It seems that the whole “persuasion” methodology is wrong in every area, not just sales. We all know the response we get when we try to persuade somebody to change their political or religious beliefs or to get their kid to clean up their room. Trying to persuade somebody is an attack on their self-esteem, self-image, self-respect, pride and ego and is disrespectful of their current abilities and knowledge, makes them feel inferior and makes them feel that the “persuader” thinks of themselves as superior. As for the alleged persuasiveness of repetitive advertising, I dont know.

    Like

    1. T Schrade,

      Thank you for your very thoughtful comment. I have read it several times over. I really like the way you have expressed these ideas. Would you consider writing a guest blog article for us on this topic?

      Carl Ingalls

      Like

  3. Rob says:

    In my opinion and from what I have learned from the HPS System and talking with Jacques Worth It’s simply a matter of sifting. Sifting means exactly what the name implies. We are most productive when we use our time Wisely and find those people that want what we have, can make a decision, will give you an appt and if your meet their needs will buy from you that day.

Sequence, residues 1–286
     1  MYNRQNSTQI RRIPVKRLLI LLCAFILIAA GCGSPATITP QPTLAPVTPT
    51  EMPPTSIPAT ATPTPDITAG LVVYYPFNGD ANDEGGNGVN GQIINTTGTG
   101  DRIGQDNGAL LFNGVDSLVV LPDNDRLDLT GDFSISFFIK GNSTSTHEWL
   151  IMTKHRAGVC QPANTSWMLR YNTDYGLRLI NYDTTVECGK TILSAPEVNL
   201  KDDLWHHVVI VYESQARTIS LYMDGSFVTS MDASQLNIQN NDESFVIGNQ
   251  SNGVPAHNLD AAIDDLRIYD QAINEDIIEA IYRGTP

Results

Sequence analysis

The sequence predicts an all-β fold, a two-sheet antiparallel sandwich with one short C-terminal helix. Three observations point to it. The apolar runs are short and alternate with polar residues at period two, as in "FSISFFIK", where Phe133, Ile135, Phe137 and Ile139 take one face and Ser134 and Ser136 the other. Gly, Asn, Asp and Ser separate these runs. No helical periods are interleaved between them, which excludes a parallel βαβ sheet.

We are not good or bad at our jobs if we are not finding prospects with one exception. The HPS Prospecting methodology has a recipe just like baking a cake. You should keep that recipe handy and review it whenever you find yourself falling short of your goals. My personal experience was that if I did not stay even toned I was typically shut down way before I got to “is that something you want?”

    Of course your experiences may be different, the point is, follow the recipe which includes analyzing your results and making the necessary changes.

    With a New Product or Service it needs to be presented in such a way as it meets the needs of the target market you are going after, right? I am a master of the obvious. So, take some time in the evening to work out the best solution your product or service delivers for the needs your target market has and then create your 45 word, or less, script and follow the recipe.

    You may find that your biggest challenge in giving your prospects what they want is they will be skeptical. They have heard this before, be careful, under promise over deliver and follow Jacques Worths Recipe. Do the Trust and Respect Inquiry, it is key, use the Disqualification Questions, Meet their Conditions of Satisfaction and negotiate along the way. NEW product or TRIED AND TRUE OLD SCHOOL PRODUCT, HPS works and works well

    Make it a great day

    Like

    1. Rob,

      With a new product or service, I don’t think it is enough for it to merely meet the needs of the target market. I think it also has to appear to meet those needs in a believable way. If the New Idea that is behind the new product or service conflicts with their beliefs, they will not try it.

      Of course, too many things are marketed and sold merely because they are believable, and therefore appear to meet customer’s needs, and yet don’t actually work.

      Carl Ingalls

      Like